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The Normal Ones

Banes at 12:00AM, May 2, 2019
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There was an episode of the show ‘Supernatural’ a few years back where Dean met with the literal personification of Death. This Creature - one of the most powerful, if not THE most powerful, would take human form once in awhile (or when some ancient agreement demanded it). He would sometimes visit Earth for some Chicago deep dish pizza.

The slightest touch, even accidental, from Death would kill a person. Maybe even being in his general vicinity would do it; if I remember right the pizzeria had some deceased patrons, slumped over their tables. And there he was, impossibly powerful Death, in the form of a wryly funny, middle aged man, sitting there eating deep dish pizza. A pretty quirky idea, but what made the scene work, what really sold it, was the Dean character. The character, usually very confident and glib and used to the unusual, was played as quite nervous and…kind of in awe of the being sitting across from him.

It was an excellent job, and I could not have bought in to the whole thing without that performance.

When something extraordinary…or someONE extraordinary, is in front of us in a story, it's sometimes the performance of the normie with them that really sells the amazing character, or the scene, and maybe even the entire story.

I remember reading some director or producer say about the classic movie Rain Man, that although Dustin Hoffman's portrayal of Raymond was excellent, it was Tom Cruise that was the real MVP. He made it work. He made you believe.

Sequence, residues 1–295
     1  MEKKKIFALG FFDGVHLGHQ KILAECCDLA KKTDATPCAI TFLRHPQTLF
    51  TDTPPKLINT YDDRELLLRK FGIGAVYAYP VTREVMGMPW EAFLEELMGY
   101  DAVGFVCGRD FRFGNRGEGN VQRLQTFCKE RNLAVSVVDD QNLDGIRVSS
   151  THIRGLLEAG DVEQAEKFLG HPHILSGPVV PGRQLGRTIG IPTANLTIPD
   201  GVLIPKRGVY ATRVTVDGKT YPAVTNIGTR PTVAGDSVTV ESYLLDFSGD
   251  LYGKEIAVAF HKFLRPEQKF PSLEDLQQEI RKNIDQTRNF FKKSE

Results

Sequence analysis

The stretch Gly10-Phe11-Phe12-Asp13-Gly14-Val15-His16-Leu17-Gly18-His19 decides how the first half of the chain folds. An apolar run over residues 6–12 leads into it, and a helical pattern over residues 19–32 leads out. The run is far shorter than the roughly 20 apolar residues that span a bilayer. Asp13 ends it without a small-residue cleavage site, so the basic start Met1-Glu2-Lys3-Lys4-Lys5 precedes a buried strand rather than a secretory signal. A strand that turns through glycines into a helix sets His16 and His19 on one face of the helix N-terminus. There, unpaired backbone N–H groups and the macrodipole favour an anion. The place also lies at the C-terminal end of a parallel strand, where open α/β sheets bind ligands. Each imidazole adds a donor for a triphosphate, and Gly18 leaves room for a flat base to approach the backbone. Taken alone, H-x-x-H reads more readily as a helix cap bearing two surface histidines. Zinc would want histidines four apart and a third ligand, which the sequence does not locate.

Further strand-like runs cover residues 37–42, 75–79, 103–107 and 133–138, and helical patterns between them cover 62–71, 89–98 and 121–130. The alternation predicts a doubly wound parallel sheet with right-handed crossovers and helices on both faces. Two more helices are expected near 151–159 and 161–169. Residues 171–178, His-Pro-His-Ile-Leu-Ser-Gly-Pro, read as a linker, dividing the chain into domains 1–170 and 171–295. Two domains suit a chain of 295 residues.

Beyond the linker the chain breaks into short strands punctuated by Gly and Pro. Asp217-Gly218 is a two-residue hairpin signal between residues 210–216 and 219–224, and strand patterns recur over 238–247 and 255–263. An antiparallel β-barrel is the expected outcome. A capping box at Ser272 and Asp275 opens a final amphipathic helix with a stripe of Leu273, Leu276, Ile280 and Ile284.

I agree with that. And with the importance of Doctor Watson. And Agent Scully. And Black Widow, the regular person who is nearly killed by a savage Hulk in the first Avengers movie. And Lieutenant Dan in Forrest Gump. Heck, I'll even give a shout out to Han Solo in the original Star Wars, whose world weariness and cynicism made the whole thing ring true.

Here's to the normies! Have you ever used one in your stories? Who are your favorites?


Yours on the regular,

Banes

comment

anonymous?

Eustacheus at 10:03AM, May 4, 2019

I'm in awe how good Supernatural still is in its 14th year. I really love that show.

bravo1102 at 9:16AM, May 3, 2019

I've heard this called the "grounding character ". The one who grounds all the others. The foil for all the heroic types. All too often it's a sidekick like Jimmy Olsen. If the hero is super serious, he'll be a joker. Think the character actor versus the leading man. At least one of the heroic trio has to be this and often provide conflict because he wants to get married. The classic movies for this would be 1930s adventure movies and the best being "Gunga Din" with Cary Grant, Victor McLaughlin and Douglas Fairbanks jr. Fairbanks is the normal guy.

Jason Moon at 3:23PM, May 2, 2019

Supernatural is such a fun show! I really enjoyed the demon named Lilith who would possess the body of a little girl. The child actress really sold the performance.

usedbooks at 8:50AM, May 2, 2019

Dramas need "straight men" too. The character outside the situation who can comment on it and bring it to Earth.

ayesinback at 5:10AM, May 2, 2019

I agree with you. I think you need the contrast of the typical to the extra to appreciate the distance between, maybe to underscore what that distance is: Oh so great, or maybe not much at all.

ozoneocean at 2:32AM, May 2, 2019

Damn good point there. A "Normal" person does make the extraordinary one more extraordinary. Like Ryuko Matoi is awesome in Kill La Kill but it's really Mako that makes he so much cooler than she would be otherwise. And of course Jimmy Olsen with Superman.


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